• MUNCIE – One of the great recent puzzles in economics has been the absence of inflation, particularly in the years after the Great Recession. Some recent research explains why inflation has been so muted for so long. This work also suggests that inflation will be of diminishing concern in the future. Those conclusions will be hard for many to swallow, so let me explain. Americans under age 50 will have no meaningful memory of inflation, while Americans over 60 will have sharp and unpleasant memories of its effects. Fixed mortgage rates provide a good example. A 1981 home buyer faced a 30-year-fixed mortgage rate of 18.5%, but a decade later, in 1991, it was half that rate. That same mortgage is today at 2.8%, perhaps a record low. Inflation affects nearly everything from the price of goods and services to credit card rates and wages. It is not something that affects just a few products or commodities. In that way, inflation reduces the standard of living of families. Inflation also slows economic growth by imposing a de facto tax on savings while shifting wealth from those who save to those who borrow. The reemergence of inflation risk is not an idle worry. Inflation helped push Hitler to political prominence, and ushered in dictatorships from Argentina to Zimbabwe. Inflation is not just a minor financial phenomenon.
  • MUNCIE – Just a few short months ago, economic optimism was strong. A fast recovery seemed imminent even if actual data revealing a rapid recovery was sparse. Businesses were beginning to re-open and hire, the vaccine was becoming universally available. Most of us were eager to return to restaurants, theaters and other places that were unsafe during COVID. Spring was as it should be, hopeful and optimistic. As of mid-summer, the very rapid recovery has failed to fully materialize. Wage growth last month was weak and the mix of new jobs signaled growth in lower-wage sectors rather than across-the-board growth. In a normal labor market, we would welcome the 2021 average of a half a million new jobs per month, but that speed of recovery will not see us hit pre-pandemic employment levels until the summer of 2022. At the current pace of job growth, it will be late-2023 or 2024 before we return to trend employment levels. The more-sluggish-than-expected recovery comes at a time when combined economic stimulus remains near an all-time high. Additional fiscal or monetary policies will not rescue us from slower growth. That isn’t an argument against any piece of legislation or federal policy, simple an acknowledgement that the slowing growth isn’t really a direct economic policy issue. It is something else. Over the past few weeks, COVID is again filling hospitals and killing Americans at an accelerating rate. But, the effects of the disease and its likely economic effects are not equally distributed.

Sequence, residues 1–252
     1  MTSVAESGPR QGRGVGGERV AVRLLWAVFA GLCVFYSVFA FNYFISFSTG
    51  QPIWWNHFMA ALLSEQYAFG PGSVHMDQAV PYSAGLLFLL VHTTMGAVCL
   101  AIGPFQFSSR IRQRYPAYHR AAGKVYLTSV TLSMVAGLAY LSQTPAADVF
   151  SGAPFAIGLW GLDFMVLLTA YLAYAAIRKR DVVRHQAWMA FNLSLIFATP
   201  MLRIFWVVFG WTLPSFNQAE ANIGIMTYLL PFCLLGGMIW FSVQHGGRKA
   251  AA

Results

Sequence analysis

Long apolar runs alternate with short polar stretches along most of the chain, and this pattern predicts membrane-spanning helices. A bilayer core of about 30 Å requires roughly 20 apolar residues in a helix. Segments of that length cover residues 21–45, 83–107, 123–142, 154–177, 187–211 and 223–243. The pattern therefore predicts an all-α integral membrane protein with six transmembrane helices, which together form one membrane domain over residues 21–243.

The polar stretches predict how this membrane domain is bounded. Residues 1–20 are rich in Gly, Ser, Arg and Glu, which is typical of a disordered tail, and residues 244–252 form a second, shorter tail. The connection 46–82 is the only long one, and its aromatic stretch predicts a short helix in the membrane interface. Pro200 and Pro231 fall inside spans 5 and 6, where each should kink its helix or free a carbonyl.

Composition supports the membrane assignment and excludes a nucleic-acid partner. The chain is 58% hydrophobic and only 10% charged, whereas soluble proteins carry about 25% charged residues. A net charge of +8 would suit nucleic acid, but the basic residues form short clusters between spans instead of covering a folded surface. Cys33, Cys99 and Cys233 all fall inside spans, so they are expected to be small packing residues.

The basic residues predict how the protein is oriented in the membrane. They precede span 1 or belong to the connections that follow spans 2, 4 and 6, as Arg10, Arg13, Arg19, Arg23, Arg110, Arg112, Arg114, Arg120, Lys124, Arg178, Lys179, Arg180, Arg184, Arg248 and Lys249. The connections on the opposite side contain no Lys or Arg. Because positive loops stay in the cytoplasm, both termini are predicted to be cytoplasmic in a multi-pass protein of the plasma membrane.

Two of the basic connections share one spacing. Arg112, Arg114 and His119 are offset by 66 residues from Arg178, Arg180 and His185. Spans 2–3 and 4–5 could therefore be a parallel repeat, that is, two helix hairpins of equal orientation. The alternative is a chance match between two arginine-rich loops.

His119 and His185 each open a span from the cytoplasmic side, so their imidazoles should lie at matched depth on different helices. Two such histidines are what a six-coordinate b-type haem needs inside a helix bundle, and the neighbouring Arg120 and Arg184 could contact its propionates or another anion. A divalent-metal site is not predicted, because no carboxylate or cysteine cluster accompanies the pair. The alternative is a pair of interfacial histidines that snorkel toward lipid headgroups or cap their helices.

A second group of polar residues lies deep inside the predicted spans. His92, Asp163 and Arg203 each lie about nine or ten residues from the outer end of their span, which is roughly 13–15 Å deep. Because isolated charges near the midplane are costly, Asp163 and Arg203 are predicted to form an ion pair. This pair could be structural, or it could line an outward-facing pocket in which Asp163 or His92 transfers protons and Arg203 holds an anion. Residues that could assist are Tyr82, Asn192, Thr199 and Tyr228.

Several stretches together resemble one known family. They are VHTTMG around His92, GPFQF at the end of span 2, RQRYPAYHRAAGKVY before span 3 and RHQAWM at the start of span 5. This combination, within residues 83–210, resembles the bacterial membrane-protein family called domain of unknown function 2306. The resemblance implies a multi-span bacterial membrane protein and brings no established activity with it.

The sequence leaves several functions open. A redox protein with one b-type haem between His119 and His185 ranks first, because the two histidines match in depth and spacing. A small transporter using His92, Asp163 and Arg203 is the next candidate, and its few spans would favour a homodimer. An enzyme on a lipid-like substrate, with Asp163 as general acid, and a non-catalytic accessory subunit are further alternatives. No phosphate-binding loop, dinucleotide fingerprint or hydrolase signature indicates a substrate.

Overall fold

• MUNCIE – In May, Gov. Eric Holcomb’s announced an early end to pandemic unemployment assistance. This decision was a rare policy mistake for an administration that had spent more than a year handling COVID with admirable attention to data and good judgement. The mistake was also unusual in that the predictable result was economic damage to those Hoosiers who were most affected by COVID. This was a marked departure from the administration’s more than yearlong focus on the health and wellbeing of those most impacted by the pandemic. Fortunately, the courts reversed that decision and payments resumed earlier this month. Labor markets are slowly improving, so fewer families would’ve been substantially harmed by the payment turbulence. Ultimately, the decision to end pandemic unemployment assistance early will be only a footnote to an administration that performed commendably through the worst crisis Indiana faced since the Civil War. The sole reason I write about the topic is that this episode illustrates how inchoate Indiana’s workforce decision process has become. Moreover, the fiasco with pandemic unemployment assistance illuminates the folly of the Division of Workforce Development’s culture of supporting businesses at the expense of taxpayers as a whole. 
  • MUNCIE – Earlier this year, Indiana’s General Assembly passed Senate Bill 414, which required universities to survey students about the climate for free speech on campus. Schools must then report these findings to the Commission on Higher Education. Normally I’d be reluctant to weigh in on such a law; at first blush it looks like another volley in the destructive culture wars. But, I think this survey can be enormously instructive to university leaders and legislators alike. It should hardly surprise anyone that professors and college administrators are overwhelmingly from the political left. The balance isn’t even close. The Federal Elections Commission reports individual donations with place of employment. Since 2019, my colleagues at Ball State have contributed $120,765 to political campaigns and political action committees. These comprised 6,100 individual donations from fewer than 50 persons. Of these donations, 90.4% of were to Democrats, Democratic Socialists or left-leaning PACs. I choose Ball State University because it is often said to be the ‘conservative’ state university. That may be true, which should raise even more eyebrows on campus and in the General Assembly.